5 Things to Know About Cornish Rex Cats

Cornish Rex cats appear regal but remain playful well into their senior years.

1. Key Characteristics

  • Weight: 6–10 pounds
  • Life Expectancy: 10–15 years

The Cornish Rex is a medium-sized cat with a soft, short, very fine coat that feels like crushed velvet.

The small head is flanked by large ears and features large eyes.


The body is slim and muscular with long legs, a curved back and a long tail.

The cat’s overall appearance is elegant and sophisticated, resembling a Whippet. Coat colors and patterns vary greatly in this agile and active cat.

2. Where They Came From

A litter of kittens was found in a barn in Cornwall, England, in 1950.

One of the kittens, a male named Kallibunker, was born with short, curly fur believed to be the result of a mutation caused by radiation from the local tin mines. Kallibunker was mated back to his mother to produce additional offspring.

The Cornish Rex was brought to the United States in 1957, and the breed obtained Cat Fanciers’ Association (CFA) championship status in 1964.

Cornish Rex cats are known for their tightly curled coat. By: Eric Isselee (Top: okssi68)

3. How Friendly Are They?

Don’t let the sleek, aristocratic appearance fool you. The Cornish Rex is one active and goofy cat.

These cats stay in kitten mode most of their lives and well into their senior years. (Fun fact: One Cornish Rex reportedly lived up to 37 years!).


The Cornish Rex is an active and playful cat who loves to play fetch, catch and throw small toys. They are extremely affectionate cats and love to be around people — so much that they might demand attention and companionship.

Curiosity and intelligence are also characteristics of the Cornish Rex, as well as the ability to adapt quickly.

They make a great companion for children. Most Cornish Rex cats love having a playmate, but some prefer to be the only cat. They can get along with other household animals.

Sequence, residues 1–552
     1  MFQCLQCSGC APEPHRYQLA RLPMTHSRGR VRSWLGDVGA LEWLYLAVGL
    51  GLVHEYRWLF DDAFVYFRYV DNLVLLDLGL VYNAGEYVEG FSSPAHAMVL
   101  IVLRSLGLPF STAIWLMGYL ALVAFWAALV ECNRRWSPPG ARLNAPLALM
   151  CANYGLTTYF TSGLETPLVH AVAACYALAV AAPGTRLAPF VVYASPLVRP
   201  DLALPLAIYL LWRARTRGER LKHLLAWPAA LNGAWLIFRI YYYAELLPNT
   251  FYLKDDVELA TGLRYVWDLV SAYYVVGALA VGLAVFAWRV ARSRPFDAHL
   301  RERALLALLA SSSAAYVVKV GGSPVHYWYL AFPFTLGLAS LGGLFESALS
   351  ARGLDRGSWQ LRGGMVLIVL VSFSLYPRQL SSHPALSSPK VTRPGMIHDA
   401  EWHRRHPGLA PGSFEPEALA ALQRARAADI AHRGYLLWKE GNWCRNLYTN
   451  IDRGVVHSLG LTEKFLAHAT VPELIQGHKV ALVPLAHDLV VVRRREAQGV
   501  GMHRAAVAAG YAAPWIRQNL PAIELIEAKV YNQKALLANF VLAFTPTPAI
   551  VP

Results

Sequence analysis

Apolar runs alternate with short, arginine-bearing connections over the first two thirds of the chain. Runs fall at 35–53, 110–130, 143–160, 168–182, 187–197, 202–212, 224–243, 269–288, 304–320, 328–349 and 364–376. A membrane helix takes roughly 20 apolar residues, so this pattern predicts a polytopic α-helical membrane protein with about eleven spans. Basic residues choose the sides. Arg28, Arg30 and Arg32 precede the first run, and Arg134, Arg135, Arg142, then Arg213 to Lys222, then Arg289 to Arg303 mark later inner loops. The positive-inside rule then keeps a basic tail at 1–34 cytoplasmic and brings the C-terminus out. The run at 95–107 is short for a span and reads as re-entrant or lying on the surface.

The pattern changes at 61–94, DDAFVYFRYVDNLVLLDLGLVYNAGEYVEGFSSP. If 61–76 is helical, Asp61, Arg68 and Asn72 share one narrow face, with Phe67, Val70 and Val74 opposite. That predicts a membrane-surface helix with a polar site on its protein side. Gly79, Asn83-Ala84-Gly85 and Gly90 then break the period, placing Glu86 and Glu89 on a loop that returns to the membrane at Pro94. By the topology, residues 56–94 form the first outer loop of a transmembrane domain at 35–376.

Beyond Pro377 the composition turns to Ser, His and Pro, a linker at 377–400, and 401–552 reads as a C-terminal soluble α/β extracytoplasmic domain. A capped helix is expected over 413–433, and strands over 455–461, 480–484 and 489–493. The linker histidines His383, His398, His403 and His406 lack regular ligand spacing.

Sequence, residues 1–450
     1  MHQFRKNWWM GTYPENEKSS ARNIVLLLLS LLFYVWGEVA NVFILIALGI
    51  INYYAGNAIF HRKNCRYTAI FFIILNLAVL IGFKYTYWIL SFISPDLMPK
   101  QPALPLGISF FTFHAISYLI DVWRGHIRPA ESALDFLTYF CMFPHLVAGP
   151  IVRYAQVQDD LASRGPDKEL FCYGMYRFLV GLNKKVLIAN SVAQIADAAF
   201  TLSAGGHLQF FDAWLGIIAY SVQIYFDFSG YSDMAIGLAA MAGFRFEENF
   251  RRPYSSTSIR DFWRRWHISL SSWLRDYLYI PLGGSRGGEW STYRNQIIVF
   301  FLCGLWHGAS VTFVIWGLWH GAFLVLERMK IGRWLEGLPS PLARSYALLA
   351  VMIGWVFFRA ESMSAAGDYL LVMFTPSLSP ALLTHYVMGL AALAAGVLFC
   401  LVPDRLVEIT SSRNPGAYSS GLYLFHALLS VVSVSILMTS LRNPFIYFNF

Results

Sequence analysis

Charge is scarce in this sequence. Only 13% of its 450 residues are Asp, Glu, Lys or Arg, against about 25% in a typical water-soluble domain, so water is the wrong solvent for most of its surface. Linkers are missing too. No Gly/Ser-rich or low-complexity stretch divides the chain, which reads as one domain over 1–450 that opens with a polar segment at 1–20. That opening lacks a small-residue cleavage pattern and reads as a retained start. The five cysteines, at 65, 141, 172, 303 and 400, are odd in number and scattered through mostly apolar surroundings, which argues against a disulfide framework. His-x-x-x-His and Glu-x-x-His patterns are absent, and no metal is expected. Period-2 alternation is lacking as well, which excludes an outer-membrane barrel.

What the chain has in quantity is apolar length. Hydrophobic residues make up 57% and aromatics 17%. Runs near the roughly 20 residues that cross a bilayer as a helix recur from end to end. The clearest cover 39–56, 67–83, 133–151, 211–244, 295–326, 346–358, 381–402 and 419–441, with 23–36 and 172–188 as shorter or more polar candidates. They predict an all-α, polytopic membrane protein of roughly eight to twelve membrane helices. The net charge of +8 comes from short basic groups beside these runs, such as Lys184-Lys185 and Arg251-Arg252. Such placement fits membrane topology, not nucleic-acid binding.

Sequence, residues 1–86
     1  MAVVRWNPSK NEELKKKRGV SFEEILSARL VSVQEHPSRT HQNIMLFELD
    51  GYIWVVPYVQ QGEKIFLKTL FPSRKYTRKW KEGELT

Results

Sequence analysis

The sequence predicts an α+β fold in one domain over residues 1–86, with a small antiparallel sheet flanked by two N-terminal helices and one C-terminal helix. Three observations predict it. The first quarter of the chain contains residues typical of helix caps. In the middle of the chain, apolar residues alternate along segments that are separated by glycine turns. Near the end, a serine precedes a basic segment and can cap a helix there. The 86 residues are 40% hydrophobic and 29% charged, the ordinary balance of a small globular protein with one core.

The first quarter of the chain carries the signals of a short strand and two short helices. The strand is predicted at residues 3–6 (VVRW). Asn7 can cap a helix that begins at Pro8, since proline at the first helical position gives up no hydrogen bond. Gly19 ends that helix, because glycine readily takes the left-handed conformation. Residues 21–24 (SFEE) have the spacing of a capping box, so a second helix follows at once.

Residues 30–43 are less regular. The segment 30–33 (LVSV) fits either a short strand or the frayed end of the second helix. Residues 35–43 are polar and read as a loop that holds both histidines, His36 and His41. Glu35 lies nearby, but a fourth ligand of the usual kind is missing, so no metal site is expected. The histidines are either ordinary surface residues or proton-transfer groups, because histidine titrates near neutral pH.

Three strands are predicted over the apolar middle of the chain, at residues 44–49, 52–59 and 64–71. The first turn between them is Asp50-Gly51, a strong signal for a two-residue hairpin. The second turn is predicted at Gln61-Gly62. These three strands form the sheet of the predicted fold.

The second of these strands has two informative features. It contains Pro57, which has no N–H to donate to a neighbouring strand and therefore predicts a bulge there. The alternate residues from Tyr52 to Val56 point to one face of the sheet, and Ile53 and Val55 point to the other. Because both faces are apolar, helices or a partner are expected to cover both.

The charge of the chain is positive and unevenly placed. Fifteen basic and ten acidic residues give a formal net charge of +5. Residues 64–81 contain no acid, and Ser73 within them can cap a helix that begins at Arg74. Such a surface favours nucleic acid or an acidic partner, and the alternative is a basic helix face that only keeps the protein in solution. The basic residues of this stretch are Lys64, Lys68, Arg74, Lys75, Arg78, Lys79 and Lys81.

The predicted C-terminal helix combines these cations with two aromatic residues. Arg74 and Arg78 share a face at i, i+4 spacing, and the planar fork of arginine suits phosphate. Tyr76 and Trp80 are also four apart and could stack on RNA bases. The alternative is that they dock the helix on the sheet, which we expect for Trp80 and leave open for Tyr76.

4. Is This the Right Cat for You?

Exercise Needs


LOW: Cornish Rex cats don’t have any special exercise needs. Keep them indoors — their short coats are insufficient protection from extreme temperatures.

Their physical activity should be similar to that of most cats, although they are typically more active and playful.

Contact your veterinarian if you notice a decrease in activity or mobility. That could be a sign of a health issue.

Grooming Needs


MEDIUM: The short coat of the Cornish Rex does not shed much.

Despite the short coat, the cats are not hypoallergenic. They reportedly don’t aggravate allergies as much as other breeds but may still cause symptoms.

Bathe your Cornish Rex regularly — these cats don’t have an outer coat to absorb natural oils.

Trim the cat’s nails as needed (usually once every 1–2 weeks), and clean the ears and teeth to promote good overall health.

Pay special attention to the ears. Cornish Rex cats have large ears and can experience problems without proper grooming.

Health Problems



Boomer, meaning “full-grown kangaroo,” is a great male dog name for dogs who are tough or outgoing.


MEDIUM: Cornish Rex cats are sensitive to certain anesthetics. Talk with your veterinarian before having any procedures done and discuss local anesthesia or other options to minimize risk.

Occasional heart and thyroid problems are possible. Cornish Rex cats tend to overeat, so pay special attention to the amount of food provided to control their weight.

Because of their short coats, dermatological issues are also possible.

Wow — check out this Cornish Rex’s awesome tricks:

5. Where to Adopt One

If you’re considering a Cornish Rex for your next pet, please check adoption resources — even purebred animals end up in shelters.

Try Petful’s own pet adoption page. (Select the “Cats” tab, and you can filter your results by breed and ZIP code.)

Additional Resources

Kristine Lacoste

View posts by Kristine Lacoste
Kristine Lacoste, editor in chief of Petful, has been researching dog and cat breeds for nearly a decade and has observed the animals up close at dog shows in both the United States and the United Kingdom. She is the author of the book One Unforgettable Journey, which was nominated for a Maxwell Award from the Dog Writers Association of America, and was host of a weekly pet news segment on the National K-9 Academy Radio Show. In addition, she was the New Orleans coordinator for Dogs on Deployment, a nonprofit that helps military members and their pets, for 3 years. Kristine has researched and written about pet behaviors and care for many years. She holds a bachelor’s degree in psychology, another bachelor’s degree in English and a Master of Business Administration degree.

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